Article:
Disagreement among Brookfield trustees about how to address the needs of township roads has led to one thing they can agree on: Brookfield needs a road levy.
Trustees said they hope to get the paperwork and official action taken either this month or early next month, so a levy can be placed on the November ballot.
The differing opinions have been driven by discussions over what to do with Brookfield’s unaccepted roads.
An unaccepted road is one that was not built to a set of minimum specifications dealing with road base and surface nor drainage and width, and the trustees are under no legal obligation to maintain it.
Even though an accepted road is the responsibility of township trustees to maintain, Trumbull County commissioners are the ones who deem a road to be accepted.
The township used to maintain unaccepted roads but stopped some 15 or 20 years ago upon the recommendation of Road Superintendent Jaime Fredenburg because of lack of adequate finances for roadwork. The trustees implemented a policy that allows the plowing of snow on unaccepted roads when at least three inches of snow has fallen.
Talk about unaccepted roads has increased with resident complaints and the recent paving of the section of Owsley Street between Meek and Wheeler streets. Wheeler is a dirt road, the condition of which Road Superintendent Jaime Fredenburg has described as like a minefield.
Fredenburg recommended doing enough work on Wheeler to make it passable, which would include adding about 50 tons of stone and grading it. The cost would be $1,000 to $2,000, Fredenberg said. Trustee Ron Haun refused to support it on April 29 and May 6, arguing that, if you’re going to work on an unaccepted road, it should be made an accepted road.
The Ohio Revised Code requires a unanimous vote to approve work on unaccepted roads, Fredenburg said.
Trustees Dan Suttles and Gary Lees also supported a motion May 6 to improve Gloria and George streets, two dirt roads with large ruts and holes in them.
“I understand the concept of that they’re unaccepted roads and we’re putting money into unaccepted roads,” Suttles said. “Believe me, I know we only have so much in funds. But, that being said, for some of those roads, not all of them, people live there. People pay taxes there. I, for one, believe they’re entitled to be able to at least drive to their house without driving in somebody’s yard and beating their vehicles up. I, personally, would like to see something done with those roads.”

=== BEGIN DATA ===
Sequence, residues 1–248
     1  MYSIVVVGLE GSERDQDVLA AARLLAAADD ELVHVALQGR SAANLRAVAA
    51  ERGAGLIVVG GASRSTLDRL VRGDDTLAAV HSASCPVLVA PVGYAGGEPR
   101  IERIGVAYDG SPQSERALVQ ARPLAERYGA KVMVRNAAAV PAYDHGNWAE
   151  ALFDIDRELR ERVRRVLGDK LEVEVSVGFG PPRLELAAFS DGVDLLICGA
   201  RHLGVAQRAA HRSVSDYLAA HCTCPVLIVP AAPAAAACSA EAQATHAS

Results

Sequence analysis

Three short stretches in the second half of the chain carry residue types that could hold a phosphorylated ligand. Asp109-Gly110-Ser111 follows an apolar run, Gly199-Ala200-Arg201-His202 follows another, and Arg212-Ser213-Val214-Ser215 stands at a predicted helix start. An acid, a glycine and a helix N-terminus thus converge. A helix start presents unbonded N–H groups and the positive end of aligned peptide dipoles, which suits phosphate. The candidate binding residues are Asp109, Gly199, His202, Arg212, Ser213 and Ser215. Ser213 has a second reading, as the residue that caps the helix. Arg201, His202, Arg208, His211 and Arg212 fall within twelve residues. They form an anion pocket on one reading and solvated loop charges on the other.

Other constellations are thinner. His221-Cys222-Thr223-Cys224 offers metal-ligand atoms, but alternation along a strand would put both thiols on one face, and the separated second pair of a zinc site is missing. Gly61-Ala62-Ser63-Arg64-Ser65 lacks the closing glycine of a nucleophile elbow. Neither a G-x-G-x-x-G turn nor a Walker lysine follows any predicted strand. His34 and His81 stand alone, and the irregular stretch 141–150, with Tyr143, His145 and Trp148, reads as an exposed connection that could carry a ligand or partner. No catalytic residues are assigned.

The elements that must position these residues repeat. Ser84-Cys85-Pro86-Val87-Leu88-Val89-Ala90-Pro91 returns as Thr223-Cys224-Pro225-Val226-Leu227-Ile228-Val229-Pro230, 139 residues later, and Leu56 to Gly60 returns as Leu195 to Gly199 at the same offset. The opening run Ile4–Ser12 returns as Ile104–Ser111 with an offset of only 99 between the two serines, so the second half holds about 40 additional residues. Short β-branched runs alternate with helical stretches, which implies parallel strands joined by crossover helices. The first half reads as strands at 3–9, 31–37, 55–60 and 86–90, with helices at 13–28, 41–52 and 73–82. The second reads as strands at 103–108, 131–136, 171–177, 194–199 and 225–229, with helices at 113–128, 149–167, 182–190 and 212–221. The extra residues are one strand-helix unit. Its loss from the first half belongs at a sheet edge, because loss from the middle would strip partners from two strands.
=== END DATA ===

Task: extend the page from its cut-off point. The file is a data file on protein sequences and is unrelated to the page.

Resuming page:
Haun voted against the motion.
There is a way around the rule about unanimity: if residents present a petition asking the trustees to improve an unaccepted road, a 2-1 vote is sufficient, officials said.
“If you have people in that area, and you disagree with the decision that was made, we encourage you to get a petition and bring it to your trustees,” Haun said at the May 6 trustees meeting.
There are a couple of other, related issues at play: the township sets aside only $40,000 a year for road work, and Fredenburg has argued against using any of that money for unaccepted roads.
He noted that he would like to pave sections of Lincoln Street and Valley View Drive, both accepted roads, and the cost would wipe out the road work budget for the year.
The state recently enacted an increase in the gas tax, and officials said they have seen estimates that the township could expect to get about $85,000 a year to use for road work. Haun suggested setting aside a portion of that money for unaccepted roads.
“I don’t agree with that, because you need that money for the roads you got now,” Fredenburg said May 29.
That’s where the discussion of a road levy came in. Suttles said he had wanted to talk about a road levy in the future, but now considers it important because there are serious issues with both accepted and unaccepted roads, and would support a levy if officials came up with a plan for spending that money.
That plan should include a list specifying when a township road would be worked on, Lees said.
“If you have a plan, I think worst first,” Haun said. “That’s the type of plan we need, outside of the unaccepted roads.”
A 2-mill levy would bring in about $250,000 a year, officials said.